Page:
Canada’s Over 30% More Dependent On Real Estate Than The US In 2006, Shows GDP

Most didn’t think it was possible, but this morning’s numbers show Canada is now more dependent on real estate. Statistics Canada (Stat Can) GDP data shows residential investment made a big climb in Q4 2020. The segment of investment has grown much faster than total GDP over the past few years. Canada is now almost 30% more dependent on real estate than the US was during their housing bubble.

Residential Investment

Residential investment is real estate’s direct contribution to GDP, but not the total. Canada’s data includes construction of homes, renovation, and ownership transfer fees. There’s a lot of GDP activity from housing missing though. For instance, only major renovations are included, not superficial. Some industries with a large real estate component are also in separate categories, like insurance and finance.

Now that you know what goes into residential investment, it’s easier to understand the importance of it. Too little residential investment can be a sign of weak confidence in the economy. It also creates a drag on employment in the sector. 

Too much residential investment can be a sign of excess and/or misallocated capital. The more capital devoted to just warehousing people, the slower the economy grows. It also becomes extremely difficult to move those investment dollars into new industries, without an issue.

During the US housing bubble, experts flagged residential investment as a warning. At the peak, the US had devoted a previously unheard of 6.7% of GDP to residential investment in 2006. It’s still considered an absurd dependency to date.

Canada’s GDP Is 1.5% Lower Than A Year Before

Canada’s GDP made modest gains in the last quarter, and was only a little lower than a year before. GDP was reported at $2.3 trillion in Q4 2020, when seasonally adjusted at the annual rate. The number is 3.29% higher than the previous quarter, and 1.54% lower than the same quarter a year before. It is still negative growth over the past year, but most GDP losses were in Q2, so it’s not that bad. A lot of ground was regained. 

Canadian Residential Investment Growth

The 12-month growth of Canadian residential investment compared to GDP. Numbers are in current prices, and seasonally adjusted at annual rates.
Source: Stat Can, Better Dwelling.

Canada’s Residential Investment Grew Over 22%

Canadian residential investment is still growing at a breakneck speed, pandemic or not. Residential investment is $213.8 billion for Q4 2020, when seasonally adjusted at the annual rate. The number is 5.83% higher than the previous quarter, and 22.3% higher than a year before. Residential investment isn’t just soaring despite the pandemic. The pandemic’s stimulus was designed to make it soar.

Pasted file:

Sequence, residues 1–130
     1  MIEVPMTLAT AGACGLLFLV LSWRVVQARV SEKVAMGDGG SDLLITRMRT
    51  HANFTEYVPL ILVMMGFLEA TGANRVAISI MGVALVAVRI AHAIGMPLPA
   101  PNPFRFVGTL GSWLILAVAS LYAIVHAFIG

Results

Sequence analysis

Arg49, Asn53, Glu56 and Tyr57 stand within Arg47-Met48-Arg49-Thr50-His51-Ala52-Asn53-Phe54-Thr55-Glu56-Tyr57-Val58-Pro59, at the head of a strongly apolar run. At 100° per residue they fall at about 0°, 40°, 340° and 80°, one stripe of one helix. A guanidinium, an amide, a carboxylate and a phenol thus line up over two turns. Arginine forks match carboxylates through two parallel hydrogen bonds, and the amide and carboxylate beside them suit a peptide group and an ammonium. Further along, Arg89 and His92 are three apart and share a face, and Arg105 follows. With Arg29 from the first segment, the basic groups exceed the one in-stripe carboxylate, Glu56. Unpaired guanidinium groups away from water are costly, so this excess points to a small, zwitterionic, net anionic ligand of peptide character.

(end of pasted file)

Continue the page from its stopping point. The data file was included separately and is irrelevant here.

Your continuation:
Residential Investment Is Now 9.27% of GDP

Faster growth in residential investment made the economy more dependent on real estate. The ratio of residential investment to GDP reached 9.27% in Q4 2020, up from 9.02% in the previous quarter. Just a year ago, the ratio was a still high 7.45%, which looks tiny right now. This would be the most dependent Canada’s ever been on housing. 

Canadian Residential Investment % of GDP

Canada’s residential investment, expressed as a percent of GDP.
Source: Stat Can, Better Dwelling.

Canada was already unusually dependent on real estate for economic growth. Now it’s crossing the line into an uncontrolled addiction.  It appears when the pandemic hit, the country didn’t know what to do, other than lean on the industry even further. It doesn’t seem to be an accident either, with the Bank of Canada (BoC) stating Canada “needs the growth” from real estate, just last week.

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  • Rob Turner 3 years ago

    What the government won’t say out loud is they need the government revenues, and this is one easy way to generate transactions revenues through taxes without raising income.

    • Tia Wolfe 3 years ago

      Vancouver’s trying to tax anything, so it’s become obvious. They’re looking at a 5% hike to property taxes, so it would be ideal if properties went up for them.

  • Average Man 3 years ago

    This feels like it should be a problem, no?

    • Itchy Bear 3 years ago

      So Canadas GDP shrank 5.4% in 2020 and that made it the worst year on record.
      The government clearly has no plans to develop our rely on other industries per Macklem’s justification on continuing to inflate the housing bubble.
      If the 9.3% reverts to the mean, that means we’re looking forward to another year of shrinking GDP that’s close to as bad or worse … Are we domed to live in perpetual depression, or what am I missing.

      • Trader Jim 3 years ago

        The government needs to be careful in how they interpret 5.4% decline. Or they’re interpreting it the way they want to for handouts. Most of the drop is due to restricted business activity, not a loss in the traditional sense.